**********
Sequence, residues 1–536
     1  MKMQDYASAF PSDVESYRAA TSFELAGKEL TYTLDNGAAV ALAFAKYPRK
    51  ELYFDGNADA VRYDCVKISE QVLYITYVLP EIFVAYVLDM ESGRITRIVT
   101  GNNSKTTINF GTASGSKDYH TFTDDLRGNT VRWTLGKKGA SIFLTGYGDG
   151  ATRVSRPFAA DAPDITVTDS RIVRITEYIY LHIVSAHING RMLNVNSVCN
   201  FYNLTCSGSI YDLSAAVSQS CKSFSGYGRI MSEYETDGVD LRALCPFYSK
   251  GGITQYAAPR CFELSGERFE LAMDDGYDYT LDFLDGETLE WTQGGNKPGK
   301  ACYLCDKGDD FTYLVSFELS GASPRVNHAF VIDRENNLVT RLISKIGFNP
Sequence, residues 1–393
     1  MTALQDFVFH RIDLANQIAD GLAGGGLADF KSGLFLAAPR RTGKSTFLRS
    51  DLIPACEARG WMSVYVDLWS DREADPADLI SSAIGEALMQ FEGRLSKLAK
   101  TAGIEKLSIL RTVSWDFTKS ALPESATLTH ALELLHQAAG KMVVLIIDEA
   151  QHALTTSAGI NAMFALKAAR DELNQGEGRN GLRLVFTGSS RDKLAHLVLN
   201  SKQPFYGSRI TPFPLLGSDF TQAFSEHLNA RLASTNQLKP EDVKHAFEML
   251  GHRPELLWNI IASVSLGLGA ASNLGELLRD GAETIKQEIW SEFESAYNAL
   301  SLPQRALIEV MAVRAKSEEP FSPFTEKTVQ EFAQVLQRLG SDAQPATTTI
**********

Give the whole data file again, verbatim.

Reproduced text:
Sequence, residues 1–536
     1  MKMQDYASAF PSDVESYRAA TSFELAGKEL TYTLDNGAAV ALAFAKYPRK
    51  ELYFDGNADA VRYDCVKISE QVLYITYVLP EIFVAYVLDM ESGRITRIVT
   101  GNNSKTTINF GTASGSKDYH TFTDDLRGNT VRWTLGKKGA SIFLTGYGDG
   151  ATRVSRPFAA DAPDITVTDS RIVRITEYIY LHIVSAHING RMLNVNSVCN
   201  FYNLTCSGSI YDLSAAVSQS CKSFSGYGRI MSEYETDGVD LRALCPFYSK
   251  GGITQYAAPR CFELSGERFE LAMDDGYDYT LDFLDGETLE WTQGGNKPGK
   301  ACYLCDKGDD FTYLVSFELS GASPRVNHAF VIDRENNLVT RLISKIGFNP
Sequence, residues 1–393
     1  MTALQDFVFH RIDLANQIAD GLAGGGLADF KSGLFLAAPR RTGKSTFLRS
    51  DLIPACEARG WMSVYVDLWS DREADPADLI SSAIGEALMQ FEGRLSKLAK
   101  TAGIEKLSIL RTVSWDFTKS ALPESATLTH ALELLHQAAG KMVVLIIDEA
   151  QHALTTSAGI NAMFALKAAR DELNQGEGRN GLRLVFTGSS RDKLAHLVLN
   201  SKQPFYGSRI TPFPLLGSDF TQAFSEHLNA RLASTNQLKP EDVKHAFEML
   251  GHRPELLWNI IASVSLGLGA ASNLGELLRD GAETIKQEIW SEFESAYNAL
   301  SLPQRALIEV MAVRAKSEEP FSPFTEKTVQ EFAQVLQRLG SDAQPATTTI